For example, if sizeof(Fred) is 8, the distance between two Fred objects in an
array of Freds will be exactly 8 bytes.

As another example, this means sizeof(char) is one[25.1] byte.  That's right:
one byte.  One, one, one, exactly one byte, always one byte.  Never two bytes.
No exceptions.


[25.3] Whoa, but what about machines or compilers that support multibyte
       characters.  Are you saying that a "character" and a char might be
       different?!? [NEW!]

[Recently created inspired by Randy Sherman (in 5/02).]

Yes that's right: the thing commonly referred to as a "character" might be
different from the thing C++ calls a char.

I'm really sorry if that hurts, but believe me, it's better to get all the pain
over with at once.  Take a deep breath and repeat after me: "character and char
might be different." There, doesn't that feel better? No? Well keep reading --
it gets worse.


[25.4] But, but, but what about machines where a char has more than 8 bits?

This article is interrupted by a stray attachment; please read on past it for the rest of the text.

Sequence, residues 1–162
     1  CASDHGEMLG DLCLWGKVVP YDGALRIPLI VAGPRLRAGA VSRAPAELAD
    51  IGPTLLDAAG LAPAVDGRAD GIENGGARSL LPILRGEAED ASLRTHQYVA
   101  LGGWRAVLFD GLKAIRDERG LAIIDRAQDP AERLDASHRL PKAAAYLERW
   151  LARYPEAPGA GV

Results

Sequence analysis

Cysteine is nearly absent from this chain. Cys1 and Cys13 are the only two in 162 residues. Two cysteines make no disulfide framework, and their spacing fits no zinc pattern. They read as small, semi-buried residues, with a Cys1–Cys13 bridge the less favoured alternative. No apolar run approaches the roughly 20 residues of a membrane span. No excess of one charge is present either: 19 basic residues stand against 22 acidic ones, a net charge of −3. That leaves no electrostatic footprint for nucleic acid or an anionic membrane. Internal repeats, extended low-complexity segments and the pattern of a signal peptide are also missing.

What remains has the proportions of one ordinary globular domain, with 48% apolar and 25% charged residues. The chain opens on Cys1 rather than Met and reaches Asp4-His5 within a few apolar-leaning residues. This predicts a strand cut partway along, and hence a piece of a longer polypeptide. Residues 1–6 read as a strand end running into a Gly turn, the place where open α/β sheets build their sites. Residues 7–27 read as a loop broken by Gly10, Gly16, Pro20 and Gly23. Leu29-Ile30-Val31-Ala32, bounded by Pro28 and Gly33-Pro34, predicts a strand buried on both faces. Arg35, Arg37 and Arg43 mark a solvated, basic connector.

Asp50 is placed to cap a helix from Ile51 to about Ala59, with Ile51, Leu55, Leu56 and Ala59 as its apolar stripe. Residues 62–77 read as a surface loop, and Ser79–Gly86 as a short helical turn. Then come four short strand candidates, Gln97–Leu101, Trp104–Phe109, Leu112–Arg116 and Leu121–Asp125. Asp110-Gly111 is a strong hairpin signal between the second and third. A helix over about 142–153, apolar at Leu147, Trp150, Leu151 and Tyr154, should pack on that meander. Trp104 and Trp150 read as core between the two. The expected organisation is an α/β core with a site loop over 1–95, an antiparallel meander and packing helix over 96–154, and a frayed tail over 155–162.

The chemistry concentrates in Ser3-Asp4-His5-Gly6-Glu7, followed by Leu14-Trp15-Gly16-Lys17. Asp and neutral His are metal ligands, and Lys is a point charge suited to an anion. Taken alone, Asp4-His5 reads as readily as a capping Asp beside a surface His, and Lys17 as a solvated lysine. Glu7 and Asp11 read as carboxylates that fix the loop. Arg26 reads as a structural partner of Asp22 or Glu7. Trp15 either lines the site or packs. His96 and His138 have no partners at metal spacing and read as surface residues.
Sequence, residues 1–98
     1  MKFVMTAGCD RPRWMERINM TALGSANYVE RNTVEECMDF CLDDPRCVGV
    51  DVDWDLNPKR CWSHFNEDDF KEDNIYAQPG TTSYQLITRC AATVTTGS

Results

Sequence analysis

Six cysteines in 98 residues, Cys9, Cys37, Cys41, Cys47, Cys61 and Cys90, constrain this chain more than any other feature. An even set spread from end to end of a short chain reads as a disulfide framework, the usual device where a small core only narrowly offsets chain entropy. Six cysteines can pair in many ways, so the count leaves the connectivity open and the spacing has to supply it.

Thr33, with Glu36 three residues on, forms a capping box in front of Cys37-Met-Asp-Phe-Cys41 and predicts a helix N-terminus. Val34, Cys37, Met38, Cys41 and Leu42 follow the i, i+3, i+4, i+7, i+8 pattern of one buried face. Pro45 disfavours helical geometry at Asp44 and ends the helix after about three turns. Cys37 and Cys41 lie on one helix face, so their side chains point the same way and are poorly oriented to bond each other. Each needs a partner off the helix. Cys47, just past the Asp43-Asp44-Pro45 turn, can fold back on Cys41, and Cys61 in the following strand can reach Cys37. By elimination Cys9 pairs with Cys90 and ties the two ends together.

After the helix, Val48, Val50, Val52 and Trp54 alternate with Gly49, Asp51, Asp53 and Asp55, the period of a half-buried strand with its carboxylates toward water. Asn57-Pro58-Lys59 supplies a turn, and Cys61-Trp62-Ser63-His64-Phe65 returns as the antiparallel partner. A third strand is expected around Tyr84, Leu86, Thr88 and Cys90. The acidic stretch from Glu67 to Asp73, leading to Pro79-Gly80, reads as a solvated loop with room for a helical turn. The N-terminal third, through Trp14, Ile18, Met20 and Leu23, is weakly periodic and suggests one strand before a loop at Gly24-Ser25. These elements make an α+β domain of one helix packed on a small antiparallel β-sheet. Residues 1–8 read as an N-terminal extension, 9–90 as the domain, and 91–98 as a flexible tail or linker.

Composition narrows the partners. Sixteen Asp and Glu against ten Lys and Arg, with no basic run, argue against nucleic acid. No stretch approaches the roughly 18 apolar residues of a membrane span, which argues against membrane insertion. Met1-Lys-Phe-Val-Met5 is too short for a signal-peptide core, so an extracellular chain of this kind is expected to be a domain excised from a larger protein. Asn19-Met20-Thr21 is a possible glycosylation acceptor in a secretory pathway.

Surely you're not saying a C++ byte might have more than 8 bits, are
       you?!? [NEW!]

[Recently created thanks to Randy Sherman (in 5/02) and removed a superfluous
statement thanks to Gennaro Prota (in 6/02).]

Yep, that's right: a C++ byte might have more than 8 bits.

The C++ language guarantees a byte must always have at least 8 bits.  But there
are implementations of C++ that have more than 8 bits per byte.


[25.5] Okay, I could imagine a machine with 9-bit bytes.  But surely not 16-bit
       bytes or 32-bit bytes, right? [NEW!]

[Recently created thanks to Randy Sherman (in 5/02).]


I have heard of one implementation of C++ that has 64-bit "bytes." You read